wall with some sticky note pads and four landlines on which they hope 
people can call in and get updates on what they are seeing in the field 
from a satellite phone. Hopefully, that has improved over the last 24 
hours as more Coast Guard vessels have come in to support 
communications. But we still have large parts of Puerto Rico that have 
not communicated with the rest of the island, the government, or the 
outside world, for that matter, going on to today.
  There are also logistical challenges. In most of the 50 States--
certainly in my home State of Florida, we saw the largest power 
restoration effort in the history of the world. At least that is what 
they are claiming. Literally, we saw hundreds of those bucket trucks 
from all over the United States--all 50 States and even Canada--coming 
in with prearranged contracts and their crews to restore power. Even 
with that dramatic level of response, there were people without power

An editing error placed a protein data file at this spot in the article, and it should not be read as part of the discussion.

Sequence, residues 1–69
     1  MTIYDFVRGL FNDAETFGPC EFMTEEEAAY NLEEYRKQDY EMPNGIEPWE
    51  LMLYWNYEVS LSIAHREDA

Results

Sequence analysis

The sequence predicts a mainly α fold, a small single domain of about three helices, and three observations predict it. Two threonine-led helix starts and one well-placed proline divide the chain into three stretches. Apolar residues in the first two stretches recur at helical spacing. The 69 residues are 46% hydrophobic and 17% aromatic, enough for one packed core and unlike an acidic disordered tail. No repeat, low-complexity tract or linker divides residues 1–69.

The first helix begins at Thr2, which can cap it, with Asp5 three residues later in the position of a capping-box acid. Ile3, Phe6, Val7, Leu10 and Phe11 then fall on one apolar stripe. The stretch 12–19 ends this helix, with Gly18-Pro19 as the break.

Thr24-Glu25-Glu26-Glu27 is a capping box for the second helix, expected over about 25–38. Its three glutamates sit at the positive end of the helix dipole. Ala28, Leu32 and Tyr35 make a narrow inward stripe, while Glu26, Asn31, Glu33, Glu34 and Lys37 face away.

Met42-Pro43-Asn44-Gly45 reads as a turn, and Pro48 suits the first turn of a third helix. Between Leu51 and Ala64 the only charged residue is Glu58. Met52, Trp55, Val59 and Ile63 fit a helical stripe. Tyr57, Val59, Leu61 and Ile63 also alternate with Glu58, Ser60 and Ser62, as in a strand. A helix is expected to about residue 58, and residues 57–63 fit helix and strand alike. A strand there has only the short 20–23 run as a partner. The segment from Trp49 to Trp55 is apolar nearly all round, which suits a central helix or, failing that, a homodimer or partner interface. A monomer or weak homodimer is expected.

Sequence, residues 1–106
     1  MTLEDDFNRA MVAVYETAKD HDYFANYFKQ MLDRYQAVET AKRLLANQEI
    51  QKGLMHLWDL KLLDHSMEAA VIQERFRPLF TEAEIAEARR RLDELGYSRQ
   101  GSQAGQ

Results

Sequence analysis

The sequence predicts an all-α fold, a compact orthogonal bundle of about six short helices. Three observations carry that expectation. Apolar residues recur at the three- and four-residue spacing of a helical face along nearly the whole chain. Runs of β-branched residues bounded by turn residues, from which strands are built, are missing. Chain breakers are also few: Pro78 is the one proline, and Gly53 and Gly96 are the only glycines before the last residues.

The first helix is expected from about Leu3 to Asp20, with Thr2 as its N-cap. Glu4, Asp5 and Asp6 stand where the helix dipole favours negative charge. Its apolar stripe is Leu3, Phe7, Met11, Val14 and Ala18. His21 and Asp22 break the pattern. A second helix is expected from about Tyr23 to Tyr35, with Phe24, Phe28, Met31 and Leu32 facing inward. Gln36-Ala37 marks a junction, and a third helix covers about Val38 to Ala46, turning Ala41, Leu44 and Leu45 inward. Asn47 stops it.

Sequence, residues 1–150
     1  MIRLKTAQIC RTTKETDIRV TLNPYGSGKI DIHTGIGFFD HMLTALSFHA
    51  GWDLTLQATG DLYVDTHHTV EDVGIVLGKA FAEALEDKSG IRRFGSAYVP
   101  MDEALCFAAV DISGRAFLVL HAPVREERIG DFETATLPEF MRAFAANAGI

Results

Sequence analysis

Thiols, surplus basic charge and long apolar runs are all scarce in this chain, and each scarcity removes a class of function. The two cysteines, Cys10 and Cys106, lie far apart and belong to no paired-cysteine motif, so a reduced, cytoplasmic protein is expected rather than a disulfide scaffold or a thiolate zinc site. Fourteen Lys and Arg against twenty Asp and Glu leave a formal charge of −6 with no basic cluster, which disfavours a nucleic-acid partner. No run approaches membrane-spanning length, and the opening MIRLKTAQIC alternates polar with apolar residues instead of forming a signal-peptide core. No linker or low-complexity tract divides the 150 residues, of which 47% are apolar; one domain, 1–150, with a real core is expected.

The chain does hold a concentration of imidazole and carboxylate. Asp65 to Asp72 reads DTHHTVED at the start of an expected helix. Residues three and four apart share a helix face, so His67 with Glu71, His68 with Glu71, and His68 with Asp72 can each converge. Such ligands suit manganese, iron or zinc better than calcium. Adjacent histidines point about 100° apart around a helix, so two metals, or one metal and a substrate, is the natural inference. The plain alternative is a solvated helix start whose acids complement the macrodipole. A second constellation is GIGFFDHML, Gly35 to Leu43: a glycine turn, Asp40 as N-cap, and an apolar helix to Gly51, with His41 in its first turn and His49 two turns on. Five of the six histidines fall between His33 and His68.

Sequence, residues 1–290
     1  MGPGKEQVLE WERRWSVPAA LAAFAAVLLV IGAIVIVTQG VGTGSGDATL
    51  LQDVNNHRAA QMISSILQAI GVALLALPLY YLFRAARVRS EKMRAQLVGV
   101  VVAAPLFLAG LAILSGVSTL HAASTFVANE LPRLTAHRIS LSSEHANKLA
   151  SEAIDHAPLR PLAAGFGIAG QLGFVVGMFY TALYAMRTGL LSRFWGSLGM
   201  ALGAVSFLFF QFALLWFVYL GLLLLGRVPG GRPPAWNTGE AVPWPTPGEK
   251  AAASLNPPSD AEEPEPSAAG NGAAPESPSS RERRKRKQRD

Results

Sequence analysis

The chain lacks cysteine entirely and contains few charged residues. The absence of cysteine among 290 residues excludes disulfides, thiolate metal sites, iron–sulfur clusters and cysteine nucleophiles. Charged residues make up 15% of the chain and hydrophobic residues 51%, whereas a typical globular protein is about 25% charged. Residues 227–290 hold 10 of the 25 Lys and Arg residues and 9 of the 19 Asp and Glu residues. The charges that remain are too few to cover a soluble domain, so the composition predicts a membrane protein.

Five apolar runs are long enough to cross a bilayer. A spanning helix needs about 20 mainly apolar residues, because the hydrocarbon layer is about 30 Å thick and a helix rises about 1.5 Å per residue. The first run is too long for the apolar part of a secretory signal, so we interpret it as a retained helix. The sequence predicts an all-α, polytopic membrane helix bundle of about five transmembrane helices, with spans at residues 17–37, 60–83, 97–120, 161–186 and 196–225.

until late this weekend, and there are still a couple thousand people 
in Florida who have no power.
  You can't drive a convoy of trucks into Puerto Rico. They have to 
come in on a barge, and those barges take 7 days from Jacksonville and 
5 days from Miami, plus whatever time it takes to travel and position 
those crews to get there. You not only have to deliver the crews, you 
have to deliver the supplies in order to be able to restore power.
  What is the practical impact of not having power? Having no power is 
not simply an inconvenience; for many people it is life and death. 
Imagine an area outside of San Juan where someone is a diabetic and 
depends on insulin that needs to be refrigerated. That medicine has 
gone bad by now if they haven't run out. Imagine someone who needs